TWN Info Service on WTO and Trade Issues (Mar16/09)
22 March 2016
Third World Network

GATS Mode 4 issues to be raised at Working Party on Rules
Published in SUNS #8204 dated 18 March 2016

Geneva, 17 Mar (D. Ravi Kanth) - India and Turkey are expected to raise Thursday at the Working Party on GATS Rules (WPGR), the unaddressed issues over the movement of short-term service providers under Mode 4 of supply of the General Agreement on Trade in Services (GATS), services negotiators told SUNS.

The European Union is due to start a conversation Thursday at the WPGR on how to bring government procurement procedures for treating foreign-owned or controlled established service suppliers under Mode 3 of the General Agreement on Trade in Services.

At this time, Turkey and India are expected to raise the unaddressed issues concerning the movement of short- term services providers under Mode 4 of the GATS.

These two issues are expected to figure prominently at the meeting of the WPGR.

While attempts are being made to set aside all the previous work done in the services negotiations under the Doha work program since 2001, the developed countries are leaving no stone unturned in bringing their core issues such as government procurement because of the controversial post-Nairobi work program, according to several developing country members.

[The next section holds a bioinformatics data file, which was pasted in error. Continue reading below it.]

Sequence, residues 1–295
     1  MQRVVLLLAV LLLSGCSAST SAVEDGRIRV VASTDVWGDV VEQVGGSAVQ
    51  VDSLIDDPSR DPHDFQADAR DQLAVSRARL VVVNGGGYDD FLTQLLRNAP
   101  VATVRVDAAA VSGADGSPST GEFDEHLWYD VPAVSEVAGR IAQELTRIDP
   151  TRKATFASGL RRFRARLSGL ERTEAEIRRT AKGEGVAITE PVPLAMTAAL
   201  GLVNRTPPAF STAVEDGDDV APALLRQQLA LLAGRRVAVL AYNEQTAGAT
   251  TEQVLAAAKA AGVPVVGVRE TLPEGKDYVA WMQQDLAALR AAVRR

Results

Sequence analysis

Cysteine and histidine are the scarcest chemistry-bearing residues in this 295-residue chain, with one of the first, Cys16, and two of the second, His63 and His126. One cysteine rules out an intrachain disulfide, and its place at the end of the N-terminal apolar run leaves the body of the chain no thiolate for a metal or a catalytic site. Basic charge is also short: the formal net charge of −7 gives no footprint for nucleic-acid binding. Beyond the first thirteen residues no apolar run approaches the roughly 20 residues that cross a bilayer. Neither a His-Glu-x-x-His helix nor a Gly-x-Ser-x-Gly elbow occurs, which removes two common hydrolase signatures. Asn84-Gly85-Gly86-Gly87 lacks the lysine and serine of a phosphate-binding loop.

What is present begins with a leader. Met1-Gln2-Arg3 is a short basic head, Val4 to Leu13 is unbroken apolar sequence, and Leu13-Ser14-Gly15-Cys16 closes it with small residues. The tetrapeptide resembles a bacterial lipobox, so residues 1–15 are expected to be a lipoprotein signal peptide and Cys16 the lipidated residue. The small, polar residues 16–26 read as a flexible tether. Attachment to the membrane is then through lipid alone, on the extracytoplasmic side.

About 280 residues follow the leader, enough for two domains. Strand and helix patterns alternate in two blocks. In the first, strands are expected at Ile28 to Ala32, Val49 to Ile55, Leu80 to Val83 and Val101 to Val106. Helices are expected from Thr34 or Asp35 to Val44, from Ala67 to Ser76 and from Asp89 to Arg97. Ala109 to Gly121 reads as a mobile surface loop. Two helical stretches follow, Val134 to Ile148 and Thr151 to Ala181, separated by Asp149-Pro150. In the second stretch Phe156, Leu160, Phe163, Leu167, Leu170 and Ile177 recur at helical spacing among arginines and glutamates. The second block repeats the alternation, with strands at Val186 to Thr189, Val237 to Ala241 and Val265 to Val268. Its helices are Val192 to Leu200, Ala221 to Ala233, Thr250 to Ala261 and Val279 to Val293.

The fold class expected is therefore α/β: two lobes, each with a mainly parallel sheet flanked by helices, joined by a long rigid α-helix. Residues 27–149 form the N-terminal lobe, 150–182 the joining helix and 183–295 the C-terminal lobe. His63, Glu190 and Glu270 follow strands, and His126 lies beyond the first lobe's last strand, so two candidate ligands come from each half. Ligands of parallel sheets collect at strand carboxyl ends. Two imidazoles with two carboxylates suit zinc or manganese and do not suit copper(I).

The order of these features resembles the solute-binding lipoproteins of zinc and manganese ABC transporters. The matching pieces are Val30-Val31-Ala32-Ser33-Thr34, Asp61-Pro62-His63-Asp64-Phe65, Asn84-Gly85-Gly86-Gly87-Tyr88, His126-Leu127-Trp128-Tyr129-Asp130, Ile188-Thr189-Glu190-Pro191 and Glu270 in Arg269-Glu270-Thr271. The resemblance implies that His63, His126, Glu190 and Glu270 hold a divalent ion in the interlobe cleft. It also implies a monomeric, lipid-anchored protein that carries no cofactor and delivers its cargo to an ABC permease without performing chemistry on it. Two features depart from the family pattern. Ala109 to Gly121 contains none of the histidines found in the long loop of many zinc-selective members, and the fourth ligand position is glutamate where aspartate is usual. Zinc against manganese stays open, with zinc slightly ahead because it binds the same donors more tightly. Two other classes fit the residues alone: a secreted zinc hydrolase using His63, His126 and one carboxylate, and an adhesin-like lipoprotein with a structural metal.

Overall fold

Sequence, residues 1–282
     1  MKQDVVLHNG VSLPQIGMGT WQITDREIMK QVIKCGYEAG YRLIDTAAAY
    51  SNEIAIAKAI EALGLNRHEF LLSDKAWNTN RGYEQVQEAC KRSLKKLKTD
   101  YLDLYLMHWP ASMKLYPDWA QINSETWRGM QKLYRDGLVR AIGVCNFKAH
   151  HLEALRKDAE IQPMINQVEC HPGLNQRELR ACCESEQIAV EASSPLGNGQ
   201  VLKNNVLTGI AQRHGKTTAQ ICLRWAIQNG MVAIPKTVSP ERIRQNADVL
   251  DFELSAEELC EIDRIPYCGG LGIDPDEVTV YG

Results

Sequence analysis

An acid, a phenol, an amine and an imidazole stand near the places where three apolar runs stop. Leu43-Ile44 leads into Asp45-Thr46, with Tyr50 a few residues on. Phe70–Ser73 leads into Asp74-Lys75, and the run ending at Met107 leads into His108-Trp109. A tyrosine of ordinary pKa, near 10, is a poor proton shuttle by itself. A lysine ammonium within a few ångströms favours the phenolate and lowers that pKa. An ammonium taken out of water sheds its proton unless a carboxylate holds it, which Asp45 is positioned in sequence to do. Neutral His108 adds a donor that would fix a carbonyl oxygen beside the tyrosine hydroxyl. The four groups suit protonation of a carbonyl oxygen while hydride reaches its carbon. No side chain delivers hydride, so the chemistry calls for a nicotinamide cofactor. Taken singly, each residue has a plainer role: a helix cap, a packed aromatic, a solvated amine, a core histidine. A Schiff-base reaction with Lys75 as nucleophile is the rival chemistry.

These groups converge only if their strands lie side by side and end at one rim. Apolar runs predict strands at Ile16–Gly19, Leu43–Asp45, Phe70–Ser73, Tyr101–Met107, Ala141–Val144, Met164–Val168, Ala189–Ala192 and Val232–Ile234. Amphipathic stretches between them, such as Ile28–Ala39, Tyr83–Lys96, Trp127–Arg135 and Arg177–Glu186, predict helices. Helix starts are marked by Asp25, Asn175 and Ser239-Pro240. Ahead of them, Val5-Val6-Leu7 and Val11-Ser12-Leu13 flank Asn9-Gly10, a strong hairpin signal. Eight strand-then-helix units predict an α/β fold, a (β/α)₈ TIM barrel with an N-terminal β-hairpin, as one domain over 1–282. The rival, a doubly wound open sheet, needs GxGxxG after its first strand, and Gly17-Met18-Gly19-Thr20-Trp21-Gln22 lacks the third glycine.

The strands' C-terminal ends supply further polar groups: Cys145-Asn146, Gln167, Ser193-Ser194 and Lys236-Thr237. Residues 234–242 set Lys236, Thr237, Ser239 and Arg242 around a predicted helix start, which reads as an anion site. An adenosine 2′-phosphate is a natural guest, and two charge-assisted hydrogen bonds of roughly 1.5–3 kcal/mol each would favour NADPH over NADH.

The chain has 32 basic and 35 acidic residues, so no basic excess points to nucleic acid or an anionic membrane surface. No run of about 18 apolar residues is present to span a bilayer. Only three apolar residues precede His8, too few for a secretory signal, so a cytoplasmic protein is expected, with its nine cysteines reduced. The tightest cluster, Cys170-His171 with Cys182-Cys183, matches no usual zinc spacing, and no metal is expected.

The Nairobi ministerial declaration in paragraph 34 has provided vague language to bring new issues though with some caveats. It says: "While we concur that officials should prioritize work where results have not yet been achieved, some wish to identify and discuss other issues for negotiation; others do not. Any decision to launch negotiations multilaterally on such issues would need to be agreed by all Members."

The European Union, which remained unsuccessful in its efforts to include government procurement in the ongoing plurilateral trade in services agreement, has flagged the issues concerning government procurement procedures for services suppliers as a central priority.

The EU, which is the main demandeur for starting a discussion on new issues at the WTO's tenth ministerial conference in Nairobi over three months ago, wants to address "whether and to what extent, Members discriminated against locally established service suppliers on the basis of their degree of foreign ownership or control in their procedures relating to public procurement of services."

In the run-up to the WPGR meeting, the EU has said that it wants "a voluntary exchange of information among Members regarding their existing government procurement practices."

Although the EU's proposal was made in the context of the Working Party's regular work, the EU sought to know several legal and interpretational aspects concerning established services suppliers. The EU provided the following clarifications:

(a) Definition of "established" service suppliers: the latter designated a "juridical person", i.e., any legal entity duly constituted or otherwise organized under applicable law in the host country in accordance with GATS Article XXVIII lit. (l). Hence, this excluded forms of commercial presence without separate legal personality, such as branches or representative offices;